RJ: You describe a little bit the modern leader company secretary that's central to the business and knows a lot about what's going on in the business and can communicate that to the chair, who's perhaps more removed. What should a company secretary do to ensure that this intelligence is shared appropriately for the benefit of the business?

SC: One of the things I do recommend for company secretaries to do, is to regularly have conversations with the chair of the board. Talk to each other once a week, because otherwise, [if it’s only] once a month, you don't think of the things you need to [cover] and you're talking about the higher-level stuff. You should actually talk about the business. Meet once a quarter, informally, so that you are allowing the chair to breathe some of the things that are happening in the business, even if the conversation is only 10 minutes. It really is important to understand what's going on in the company at that moment in time in the cycle that the business is in. Because the last thing the CEO, that kind of character, is likely to want to do is to report back to the chairman of the board on a regular basis. So, you need some degree of confidentiality, appropriateness, trusted style of engagement, which the company secretary can offer.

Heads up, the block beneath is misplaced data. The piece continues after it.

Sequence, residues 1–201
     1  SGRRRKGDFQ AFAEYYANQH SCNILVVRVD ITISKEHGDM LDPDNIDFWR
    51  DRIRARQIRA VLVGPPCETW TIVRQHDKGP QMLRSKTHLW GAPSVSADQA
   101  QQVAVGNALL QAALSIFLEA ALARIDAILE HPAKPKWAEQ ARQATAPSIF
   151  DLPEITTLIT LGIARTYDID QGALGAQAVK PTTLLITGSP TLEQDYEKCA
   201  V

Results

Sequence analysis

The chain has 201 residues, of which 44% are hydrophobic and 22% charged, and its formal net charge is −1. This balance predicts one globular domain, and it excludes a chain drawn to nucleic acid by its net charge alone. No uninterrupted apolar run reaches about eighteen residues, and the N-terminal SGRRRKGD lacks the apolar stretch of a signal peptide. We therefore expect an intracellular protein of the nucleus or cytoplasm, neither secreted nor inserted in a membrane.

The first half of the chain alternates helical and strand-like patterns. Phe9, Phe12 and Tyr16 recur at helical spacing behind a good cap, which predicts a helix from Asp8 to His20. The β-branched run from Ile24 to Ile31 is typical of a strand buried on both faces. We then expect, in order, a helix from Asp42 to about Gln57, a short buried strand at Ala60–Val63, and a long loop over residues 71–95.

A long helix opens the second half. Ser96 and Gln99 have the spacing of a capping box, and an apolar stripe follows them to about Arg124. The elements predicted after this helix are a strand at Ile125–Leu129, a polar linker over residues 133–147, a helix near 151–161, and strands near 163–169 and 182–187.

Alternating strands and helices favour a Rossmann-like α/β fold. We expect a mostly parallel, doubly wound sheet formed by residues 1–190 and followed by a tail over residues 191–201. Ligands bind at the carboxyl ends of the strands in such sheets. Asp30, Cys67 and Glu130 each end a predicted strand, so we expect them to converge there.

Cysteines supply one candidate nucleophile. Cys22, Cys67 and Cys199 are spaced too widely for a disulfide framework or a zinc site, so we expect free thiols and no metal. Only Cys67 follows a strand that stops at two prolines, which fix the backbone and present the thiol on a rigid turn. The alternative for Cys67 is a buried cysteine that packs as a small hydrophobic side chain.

There will be things the company secretary will never tell the chair because it's not necessary. Yet, there are other things that the company secretary is told in total confidence by somebody and actually has to work out, it is important that this particular [piece of information], I do have to share, under confidence, because it is mission critical. It's a really difficult situation for the company secretary to be in, to work out what to share, what not to share, and when, and under what circumstances, and in what style, and to what degree of depth that needs to be done. You need a really stable, agile, resilient, capable company secretary who, in a way, is a leader themselves, and able to work with the board, knowing what is right for the long-term sustainability of the company. It's not about who you are protecting as an individual; it's how you’re protecting the company.